Trek Demo: Trek Top Fuel 69er Ponderings & Musings

Trek Top Fuel 69er. 29 in front, 26 in back

At the Trek Demo this past weekend I got to get on the Trek Top Fuel 69er. It was a size Medium when I normally ride a Large. But that’s OK, because I wasn’t testing out the bike so much as I was testing the concept of running a 29-inch wheel up front and a 26-inch wheel in the rear. Regarding the concept, well, let’s just say that I’m not totally sold on it.

Trek has not fully jumped into the 29er world, at least not with both feet or in this case with both wheels. Trek over the past year has put out three bikes with a 29er front wheel and a 26? rear wheel, 69ers. The 69ers are a brown hardtail 69er single speed that is more expensive than the geared hardtail version of itself and a full suspension 69er, which I demo’d at the demo. The reason Trek decided to go in this direction rather than going full 29er is because they believe a 29er front wheel and a 26inch rear wheel is the best of both worlds.

Quick summary of benefits: In order to get the benefits of the 29er wheels, that being rollover ability, momentum, and larger contact patch, Trek decided to put the 29er on the front wheel. In order to negate the 29er’s disadvantages, that being slow acceleration and weight, Trek went with the 26 inch wheel out back. Sounds like a good idea but how would this work out in the real world?

In the real world, it works as described. The 29er front wheel still rolls over rocks, railroad ties, curbs and a lot of other stuff the trail threw at it while the rear wheel did make the bike accelerate faster. No surprises there. So if it works, then why am I not sold on this yet? One word: momentum. I rode the Trek 69er right after riding the Gary Fisher HiFi 29er. And within a mile of cruising along, I knew that I was losing momentum on the Trek faster than I did while riding the Gary Fisher. How did I know this? Because I had to pedal earlier to keep my speed up.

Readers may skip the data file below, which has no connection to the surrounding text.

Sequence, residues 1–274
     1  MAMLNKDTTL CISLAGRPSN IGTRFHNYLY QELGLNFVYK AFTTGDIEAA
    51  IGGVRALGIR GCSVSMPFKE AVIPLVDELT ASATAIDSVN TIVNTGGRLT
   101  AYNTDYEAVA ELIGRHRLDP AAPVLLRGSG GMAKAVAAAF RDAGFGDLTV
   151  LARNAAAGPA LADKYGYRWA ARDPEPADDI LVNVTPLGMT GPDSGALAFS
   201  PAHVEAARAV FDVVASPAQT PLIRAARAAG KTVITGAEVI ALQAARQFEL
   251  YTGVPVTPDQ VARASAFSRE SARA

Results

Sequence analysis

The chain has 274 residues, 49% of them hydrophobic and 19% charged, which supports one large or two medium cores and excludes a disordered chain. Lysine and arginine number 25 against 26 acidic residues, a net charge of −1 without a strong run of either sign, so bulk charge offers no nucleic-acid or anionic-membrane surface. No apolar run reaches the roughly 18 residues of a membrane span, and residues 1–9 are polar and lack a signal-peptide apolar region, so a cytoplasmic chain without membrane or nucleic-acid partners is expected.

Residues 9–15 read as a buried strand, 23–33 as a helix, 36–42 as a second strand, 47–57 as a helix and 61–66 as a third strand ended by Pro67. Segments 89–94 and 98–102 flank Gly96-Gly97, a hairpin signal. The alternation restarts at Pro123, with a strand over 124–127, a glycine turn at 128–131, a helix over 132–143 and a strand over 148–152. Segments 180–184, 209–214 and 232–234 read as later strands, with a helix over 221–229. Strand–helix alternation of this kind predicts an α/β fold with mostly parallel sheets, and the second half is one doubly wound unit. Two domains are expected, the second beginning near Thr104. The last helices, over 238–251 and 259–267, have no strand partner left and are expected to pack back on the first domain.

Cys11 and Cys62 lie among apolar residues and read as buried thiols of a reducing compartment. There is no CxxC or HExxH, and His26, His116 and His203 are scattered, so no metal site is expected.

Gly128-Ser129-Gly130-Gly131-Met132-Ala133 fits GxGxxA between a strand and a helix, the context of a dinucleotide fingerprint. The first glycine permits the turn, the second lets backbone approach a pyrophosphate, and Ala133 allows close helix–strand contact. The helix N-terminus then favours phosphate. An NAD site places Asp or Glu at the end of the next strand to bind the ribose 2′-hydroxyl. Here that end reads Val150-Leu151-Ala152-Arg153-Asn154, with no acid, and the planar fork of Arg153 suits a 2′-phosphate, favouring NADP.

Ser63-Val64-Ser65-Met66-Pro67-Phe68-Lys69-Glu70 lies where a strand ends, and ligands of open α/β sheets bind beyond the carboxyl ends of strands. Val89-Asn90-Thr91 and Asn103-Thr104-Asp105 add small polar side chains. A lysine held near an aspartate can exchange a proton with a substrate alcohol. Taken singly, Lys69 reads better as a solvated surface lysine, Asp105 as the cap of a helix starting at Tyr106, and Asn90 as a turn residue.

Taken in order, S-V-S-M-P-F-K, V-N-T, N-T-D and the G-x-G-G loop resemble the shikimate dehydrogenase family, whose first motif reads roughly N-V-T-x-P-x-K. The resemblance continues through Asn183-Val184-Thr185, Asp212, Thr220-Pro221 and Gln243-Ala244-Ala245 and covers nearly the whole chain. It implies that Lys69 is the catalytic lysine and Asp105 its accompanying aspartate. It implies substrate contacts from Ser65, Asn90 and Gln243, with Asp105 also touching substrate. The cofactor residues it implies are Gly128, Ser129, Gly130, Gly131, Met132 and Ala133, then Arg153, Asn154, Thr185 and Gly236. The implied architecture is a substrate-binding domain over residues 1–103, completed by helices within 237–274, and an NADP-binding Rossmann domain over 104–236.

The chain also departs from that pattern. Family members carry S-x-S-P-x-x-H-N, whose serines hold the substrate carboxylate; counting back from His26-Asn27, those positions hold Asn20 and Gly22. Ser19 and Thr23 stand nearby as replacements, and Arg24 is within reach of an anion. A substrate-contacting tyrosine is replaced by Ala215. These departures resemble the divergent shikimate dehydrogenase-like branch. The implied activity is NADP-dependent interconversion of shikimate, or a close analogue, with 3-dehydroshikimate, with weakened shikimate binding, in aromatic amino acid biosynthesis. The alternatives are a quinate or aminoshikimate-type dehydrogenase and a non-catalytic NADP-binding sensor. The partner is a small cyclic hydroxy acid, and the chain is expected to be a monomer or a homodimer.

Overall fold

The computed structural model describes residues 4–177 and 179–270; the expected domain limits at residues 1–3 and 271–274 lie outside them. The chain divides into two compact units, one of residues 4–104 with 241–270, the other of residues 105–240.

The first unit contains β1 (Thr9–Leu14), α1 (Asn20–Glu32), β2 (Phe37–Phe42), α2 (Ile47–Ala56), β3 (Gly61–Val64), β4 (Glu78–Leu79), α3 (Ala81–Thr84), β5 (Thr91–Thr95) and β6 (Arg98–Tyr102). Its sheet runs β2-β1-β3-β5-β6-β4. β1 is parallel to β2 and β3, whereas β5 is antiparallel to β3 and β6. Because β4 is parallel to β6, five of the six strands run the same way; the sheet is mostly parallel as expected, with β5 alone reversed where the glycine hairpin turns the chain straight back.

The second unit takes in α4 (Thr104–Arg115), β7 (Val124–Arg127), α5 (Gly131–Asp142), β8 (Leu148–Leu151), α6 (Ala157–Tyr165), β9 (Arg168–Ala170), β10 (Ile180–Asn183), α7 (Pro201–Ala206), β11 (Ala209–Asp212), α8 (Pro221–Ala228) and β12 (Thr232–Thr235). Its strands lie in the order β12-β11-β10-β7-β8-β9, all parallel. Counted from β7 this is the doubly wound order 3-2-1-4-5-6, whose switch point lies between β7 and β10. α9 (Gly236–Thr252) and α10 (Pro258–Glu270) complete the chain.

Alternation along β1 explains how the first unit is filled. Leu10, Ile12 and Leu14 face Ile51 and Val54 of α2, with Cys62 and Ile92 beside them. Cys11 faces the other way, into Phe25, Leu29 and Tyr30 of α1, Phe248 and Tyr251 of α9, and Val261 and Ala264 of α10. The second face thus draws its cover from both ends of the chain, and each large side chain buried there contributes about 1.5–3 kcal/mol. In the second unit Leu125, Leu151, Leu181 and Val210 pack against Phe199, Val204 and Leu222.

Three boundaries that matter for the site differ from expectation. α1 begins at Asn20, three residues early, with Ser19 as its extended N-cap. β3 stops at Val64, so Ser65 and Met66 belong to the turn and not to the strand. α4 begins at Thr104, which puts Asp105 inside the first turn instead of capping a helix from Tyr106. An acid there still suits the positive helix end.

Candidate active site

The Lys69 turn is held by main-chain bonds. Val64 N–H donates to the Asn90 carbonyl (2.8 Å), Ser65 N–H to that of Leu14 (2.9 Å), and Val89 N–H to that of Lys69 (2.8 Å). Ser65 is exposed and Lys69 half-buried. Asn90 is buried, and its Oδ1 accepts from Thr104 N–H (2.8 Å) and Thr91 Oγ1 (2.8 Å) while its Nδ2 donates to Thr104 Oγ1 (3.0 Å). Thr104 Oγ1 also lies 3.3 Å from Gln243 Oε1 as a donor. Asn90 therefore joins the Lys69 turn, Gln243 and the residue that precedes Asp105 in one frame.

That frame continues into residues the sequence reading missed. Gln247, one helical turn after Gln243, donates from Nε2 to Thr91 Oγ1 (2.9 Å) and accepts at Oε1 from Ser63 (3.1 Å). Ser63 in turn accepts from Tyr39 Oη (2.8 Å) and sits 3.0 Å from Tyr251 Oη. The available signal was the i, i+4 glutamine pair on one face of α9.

Check out the BAD form. Jumps are not my forte and I should have eaten it here.

Could it have been the tires? Nope. The GF was equipped with tires I’d consider gripper than the Trek (Jones ACX versus the Jones XR respectively) which meant the GF would probably create more friction and therefore slow down earlier than the Trek. Could it have been weight? Maybe, as the GF was equipped with slightly better parts but I would be willing to bet the reason I lost momentum sooner was because the 26? wheel out back required more pedaling to keep it going at speed.

To a lesser degree, I was not sold on the 26? wheels ability to roll over obstacles as well as the 29er up front. None of this is scientific, but I did find that my rear wheel almost didn’t clear a ledge I’ve cleared dozens of times with a 29er front/rear setup. I did clear this little obstacle, but I almost dabbed. eeks! The front tire, by the way, rolled over the little ledge fine.

To me, it boils down to this: the benefits of being able to keep momentum leads to less pedaling on my part which then leads to longer rides because I use less energy pedaling. I’m not a racer, so faster acceleration is not of utmost importance to me rather being able to ride for longer periods of time is important to me and thats why I’m sticking with my 29er. Although I’m not sold on the 69er concept I think the Trek Top Fuel 69er would work well for the racer who wants the best of both worlds.

Check out the Trek Top Fuel 69er here.

29er Parts at PricePoint.com